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My dog acts differently depending on who she is with. She knows exactly who will tolerate what. Sometimes it's a case of getting more excited with certain people because they represent fun fun fun (ball! endless cuddles!).
A friend used to walk her every Tuesday while I worked from home. It was really interesting to watch them walk off through the window: Molly pulling, walking on her left and then on her right, jumping up. Completely different dog. With me she never ever pulls, always walks on the right unless I ask her to walk left and she wouldn't dream of jumping up. Molly is a very sweet and attentive dog who really wants to please people, but somehow my friend's timing is off or her heart isn't in the correction. She will tell Molly no, but doesn't really notice that Molly is not complying fully - you really have to wait for her to relax a little for instance. She also says "good girl" at the wrong moment, yes Molly might be sitting down but she is still super hyper and whining - good girl will only teach her to react this over excited every time. 

These are all things that are very specific for my dog of course, it took me quite a while to figure out what worked best for her - and I am still learning. My dog is definitely very unforgiving in novice hands, I mean, she is still a super sweet dog but every mistake you make you will notice because she will take full advantage to be super over the top. Other dogs I know (of different breeds mostly) are way more forgiving and have a more stable disposition. I have to work quite hard to maintain a calm and attentive dog. My friend thinks I worry too much and I am too obsessed with having a well trained dog, but honestly, if I had a easy breezy couch potato golden retriever I wouldn't mind things so much: excitement when guests arrive, sure why not, because that golden retriever won't be at the level my dog is at and it probably won't escalate over time. 

Friends who have no interest in dogs are usually the people that have great control over my dog. There is something calm and assertive over them, because they do not want to cuddle and they don't worry about "offending" the dog. They don't feel bad at all. So when my dogs comes up to them they ignore her or send her away (when I'm not there to do it) and she listens immediately - because they mean it. Friends who love dogs only send her away because they know that is my rule, but they secretly really want my dog to come up to them and crawl onto them, because it makes them feel good and special and loved. Their heart isn't in it when they ignore her or send her away, and so she will persist.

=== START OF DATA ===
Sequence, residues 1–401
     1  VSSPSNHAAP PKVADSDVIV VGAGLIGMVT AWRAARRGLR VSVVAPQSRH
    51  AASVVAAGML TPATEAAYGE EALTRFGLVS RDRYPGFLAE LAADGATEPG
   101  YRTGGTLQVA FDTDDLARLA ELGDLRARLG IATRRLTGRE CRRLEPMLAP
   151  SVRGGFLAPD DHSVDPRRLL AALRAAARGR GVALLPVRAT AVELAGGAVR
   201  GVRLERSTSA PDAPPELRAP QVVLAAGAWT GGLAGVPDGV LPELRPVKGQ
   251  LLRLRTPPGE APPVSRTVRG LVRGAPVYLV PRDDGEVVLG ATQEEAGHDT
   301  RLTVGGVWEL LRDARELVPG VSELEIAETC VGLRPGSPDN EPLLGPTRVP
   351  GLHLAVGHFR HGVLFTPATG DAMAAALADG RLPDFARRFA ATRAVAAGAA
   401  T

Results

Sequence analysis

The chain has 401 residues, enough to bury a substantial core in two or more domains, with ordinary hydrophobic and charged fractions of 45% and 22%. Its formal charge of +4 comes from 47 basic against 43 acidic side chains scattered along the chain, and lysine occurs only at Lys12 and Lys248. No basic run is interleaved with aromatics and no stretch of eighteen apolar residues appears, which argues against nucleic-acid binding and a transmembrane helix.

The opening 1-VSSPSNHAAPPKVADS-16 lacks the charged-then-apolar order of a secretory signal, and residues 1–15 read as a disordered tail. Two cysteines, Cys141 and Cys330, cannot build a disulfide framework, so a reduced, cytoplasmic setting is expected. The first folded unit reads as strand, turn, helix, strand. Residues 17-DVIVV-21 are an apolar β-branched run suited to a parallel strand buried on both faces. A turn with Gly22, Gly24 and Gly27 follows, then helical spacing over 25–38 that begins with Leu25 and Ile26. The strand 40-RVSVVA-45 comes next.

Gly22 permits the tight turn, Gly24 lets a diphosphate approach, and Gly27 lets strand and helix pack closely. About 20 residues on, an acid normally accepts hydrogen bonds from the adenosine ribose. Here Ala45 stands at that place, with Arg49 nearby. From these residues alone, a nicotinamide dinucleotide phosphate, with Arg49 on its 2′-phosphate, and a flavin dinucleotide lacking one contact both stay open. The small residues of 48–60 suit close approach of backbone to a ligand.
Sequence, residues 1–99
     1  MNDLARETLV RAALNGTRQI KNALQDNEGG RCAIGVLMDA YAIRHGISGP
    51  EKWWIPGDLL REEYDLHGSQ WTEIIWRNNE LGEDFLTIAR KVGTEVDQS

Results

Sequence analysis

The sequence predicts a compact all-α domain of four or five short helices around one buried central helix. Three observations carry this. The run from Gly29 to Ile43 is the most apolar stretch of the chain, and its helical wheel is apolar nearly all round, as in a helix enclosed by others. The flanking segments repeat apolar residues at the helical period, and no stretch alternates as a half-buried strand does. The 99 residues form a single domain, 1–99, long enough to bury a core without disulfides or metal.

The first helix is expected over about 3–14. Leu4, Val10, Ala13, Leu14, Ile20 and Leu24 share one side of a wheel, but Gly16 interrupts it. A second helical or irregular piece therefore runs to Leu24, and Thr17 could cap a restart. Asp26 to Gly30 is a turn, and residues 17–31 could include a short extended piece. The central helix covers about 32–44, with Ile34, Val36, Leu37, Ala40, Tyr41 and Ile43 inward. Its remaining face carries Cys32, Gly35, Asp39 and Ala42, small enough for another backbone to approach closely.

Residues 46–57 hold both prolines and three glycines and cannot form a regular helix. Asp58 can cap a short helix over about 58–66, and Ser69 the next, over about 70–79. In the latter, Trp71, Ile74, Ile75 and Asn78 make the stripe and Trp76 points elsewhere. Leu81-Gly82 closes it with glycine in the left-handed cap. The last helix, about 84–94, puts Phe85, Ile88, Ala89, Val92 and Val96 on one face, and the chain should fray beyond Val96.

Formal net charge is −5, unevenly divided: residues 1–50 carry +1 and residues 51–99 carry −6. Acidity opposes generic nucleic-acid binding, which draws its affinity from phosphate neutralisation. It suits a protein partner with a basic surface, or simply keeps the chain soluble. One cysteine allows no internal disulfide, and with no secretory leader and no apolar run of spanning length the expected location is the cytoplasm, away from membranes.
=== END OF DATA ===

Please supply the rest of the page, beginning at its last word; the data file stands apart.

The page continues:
It sounds like you have a sensitive dog like mine who picks up on subtle differences in intention and acts on it. I think your partner has to figure out what works and training more with the dog will help to figure out what works. And it might not be something simple like leash handling skills, it could be insecurity that the dogs picks up, or feeling bad for the dog or not standing behind the method fully. 

Having a super sensitive dog like this is great though and I wouldn't trade her for the world. Once I found what worked for us a whole world of possibilities opened up and we have a lot of fun training. She picks up things so so fast, she usually knows what I want before I ask her. Plus I found out hand signals work way way better than words ,as she apparently never listened to the words I said anyway but always read my body language, clever dog. Huge difference in training now as I know where her confusion comes from. 


Edited to add:

I also noticed that some people read my dog wrong. They thinks she is happy when she is excited and anxious, or think she doesn't understand something when she just doesn't want to do it. Or they might think her reaction to another dog was her fault while that other dog was overbearing or staring at her "menacingly". Reading her wrong almost always means not reacting to her accordingly/not handling her correctly. 

An example: my dog knows to deliver the dummy/ball in my hand when we play fetch. My friend has huge trouble getting her to give it to her, Molly just spits in out at her feet. My friend thought it was too hard for Molly to do, but I know it isn't, Molly just knows my friend will throw the ball regardless of her giving the item or spitting it out. My friend thought I had the same trouble but was very suprised to see Molly deliver it perfectly to me every time. If Molly spits the ball out at my feet I end the game. My friend thinks she does the same, but she will start the game again after a couple of minutes. After a while Molly stops delivering the ball in hand, game stops, a couple of minutes later game starts. Molly knows my friend likes playing fetch too much and will eventually give up and throw. ( I have stopped using her as a dog walker because of this, she won't listen when I ask her not to play fetch as much and in this way).

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To stop the biting . You can give the dog something to carry in its mouth or carry something in your pocket that can be given to the dog to hold/chew on to deflect any angst. 

Giving a treat to the dog when your partner gets back inside the house can also help motivate the dog to return inside more peacefully.